Symposium Abstract: Decision Framework for Describing and Identifying EFH, Mitigating Fishing Impacts, and Designating HAPC in Federal Fishery Management Plans
G. B. Parkes, H. B. Lovett, and R. J. Trumble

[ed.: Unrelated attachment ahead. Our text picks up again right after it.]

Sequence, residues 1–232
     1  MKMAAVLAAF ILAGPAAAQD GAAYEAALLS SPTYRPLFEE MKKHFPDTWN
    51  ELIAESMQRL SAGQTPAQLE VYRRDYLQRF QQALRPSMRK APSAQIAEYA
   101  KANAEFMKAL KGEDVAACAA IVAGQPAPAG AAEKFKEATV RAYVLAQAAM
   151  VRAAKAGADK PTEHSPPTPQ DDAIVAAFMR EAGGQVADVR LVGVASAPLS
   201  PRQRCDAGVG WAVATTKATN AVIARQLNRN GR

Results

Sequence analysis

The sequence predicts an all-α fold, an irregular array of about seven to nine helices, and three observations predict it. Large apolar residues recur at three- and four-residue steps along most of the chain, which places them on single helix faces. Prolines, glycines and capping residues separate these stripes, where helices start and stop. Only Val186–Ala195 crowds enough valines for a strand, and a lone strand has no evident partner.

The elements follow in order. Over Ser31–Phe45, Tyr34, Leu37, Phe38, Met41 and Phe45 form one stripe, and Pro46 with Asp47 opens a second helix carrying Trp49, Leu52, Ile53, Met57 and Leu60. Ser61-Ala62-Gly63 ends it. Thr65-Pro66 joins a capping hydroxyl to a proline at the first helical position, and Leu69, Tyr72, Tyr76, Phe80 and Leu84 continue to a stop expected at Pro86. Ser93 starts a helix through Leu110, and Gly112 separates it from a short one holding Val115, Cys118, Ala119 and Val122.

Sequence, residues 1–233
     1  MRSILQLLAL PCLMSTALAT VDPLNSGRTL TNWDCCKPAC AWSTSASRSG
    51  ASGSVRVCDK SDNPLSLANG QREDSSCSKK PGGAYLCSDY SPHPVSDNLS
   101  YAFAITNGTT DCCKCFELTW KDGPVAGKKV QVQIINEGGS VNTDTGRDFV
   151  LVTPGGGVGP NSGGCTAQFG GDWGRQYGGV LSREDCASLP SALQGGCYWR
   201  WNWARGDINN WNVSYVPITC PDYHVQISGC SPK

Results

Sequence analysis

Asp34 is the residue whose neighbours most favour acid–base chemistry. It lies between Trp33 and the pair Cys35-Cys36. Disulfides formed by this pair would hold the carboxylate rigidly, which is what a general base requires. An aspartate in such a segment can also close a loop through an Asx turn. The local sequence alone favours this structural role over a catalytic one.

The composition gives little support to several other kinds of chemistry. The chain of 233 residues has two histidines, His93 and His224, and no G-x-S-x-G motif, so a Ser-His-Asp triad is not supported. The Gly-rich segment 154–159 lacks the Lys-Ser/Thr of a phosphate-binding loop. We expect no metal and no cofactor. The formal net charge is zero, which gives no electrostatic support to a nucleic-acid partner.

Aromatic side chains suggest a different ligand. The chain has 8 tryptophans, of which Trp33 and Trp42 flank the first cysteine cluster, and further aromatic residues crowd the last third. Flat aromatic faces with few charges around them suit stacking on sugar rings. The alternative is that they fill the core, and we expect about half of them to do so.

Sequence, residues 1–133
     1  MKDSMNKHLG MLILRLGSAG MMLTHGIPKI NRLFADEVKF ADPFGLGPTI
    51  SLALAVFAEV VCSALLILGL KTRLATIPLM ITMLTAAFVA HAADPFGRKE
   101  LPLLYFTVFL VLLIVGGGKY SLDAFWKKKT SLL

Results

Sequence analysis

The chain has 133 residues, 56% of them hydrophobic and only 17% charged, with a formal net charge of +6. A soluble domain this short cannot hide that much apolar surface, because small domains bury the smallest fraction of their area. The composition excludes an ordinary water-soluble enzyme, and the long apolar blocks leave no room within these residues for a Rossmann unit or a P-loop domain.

Environmental impact statements (EISs) require development of a range of reasonable alternatives for the proposed action and a comparative analysis of the environmental and economic impacts of the alternatives. This analysis is a type of risk assessment. In the case of designating essential fish habitat (EFH), three separate ranges of alternatives are required: those to designate EFH for each species and life stage managed by the region in question; methods to reduce or mitigate adverse fishing impacts; and alternatives for the designation of habitats of particular concern (HAPC). A decision framework was designed to (a) facilitate the appropriate identification of alternatives for each of the three suites of actions; (b) incorporate the required criteria (per the EFH Final Rule); and (c) to frame the comparative assessment of the alternatives. The decision framework thus incorporates the following factors. For EFH, four levels of information: (1) distribution data for some or all portions of the geographic range of the species; (2) habitat-related densities of the species where available; (3) growth, reproduction, or survival rates within habitats where available; and (4) production rates by habitat. For methods to reduce or mitigate adverse fishing impacts: (1) does the fishing activity have an adverse impact; (2) is the adverse impact minimal; and (3) is the adverse impact temporary? For designation of HAPC: (1) the ecological importance provided by the habitat; (2) the sensitivity of the habitat to human-induced environmental degradation; (3) the extent that development activities are or will be stressing the habitat; and (4) the rarity of the habitat type.